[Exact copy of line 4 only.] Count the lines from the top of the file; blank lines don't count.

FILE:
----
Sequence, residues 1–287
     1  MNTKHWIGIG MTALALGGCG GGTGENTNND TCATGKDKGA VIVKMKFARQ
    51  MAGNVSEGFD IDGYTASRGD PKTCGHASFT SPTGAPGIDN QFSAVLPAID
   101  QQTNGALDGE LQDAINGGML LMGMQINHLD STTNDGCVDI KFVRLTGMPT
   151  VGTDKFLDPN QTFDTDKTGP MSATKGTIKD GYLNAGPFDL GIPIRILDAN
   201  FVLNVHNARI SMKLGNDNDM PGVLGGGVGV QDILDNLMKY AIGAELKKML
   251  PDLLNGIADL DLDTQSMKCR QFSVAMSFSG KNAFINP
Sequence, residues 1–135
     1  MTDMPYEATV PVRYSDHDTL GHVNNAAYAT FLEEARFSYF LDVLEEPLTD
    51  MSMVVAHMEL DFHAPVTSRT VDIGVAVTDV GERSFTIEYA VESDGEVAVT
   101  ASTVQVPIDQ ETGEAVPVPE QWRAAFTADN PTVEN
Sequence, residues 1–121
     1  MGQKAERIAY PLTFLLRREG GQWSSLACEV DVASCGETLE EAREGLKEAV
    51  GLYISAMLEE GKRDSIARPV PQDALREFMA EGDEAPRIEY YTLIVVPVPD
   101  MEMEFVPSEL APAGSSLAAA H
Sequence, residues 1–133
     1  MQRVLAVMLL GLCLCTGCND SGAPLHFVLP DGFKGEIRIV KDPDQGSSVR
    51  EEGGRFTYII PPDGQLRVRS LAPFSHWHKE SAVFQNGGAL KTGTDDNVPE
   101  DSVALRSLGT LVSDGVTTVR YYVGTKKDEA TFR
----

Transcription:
   101  QQTNGALDGE LQDAINGGML LMGMQINHLD STTNDGCVDI KFVRLTGMPT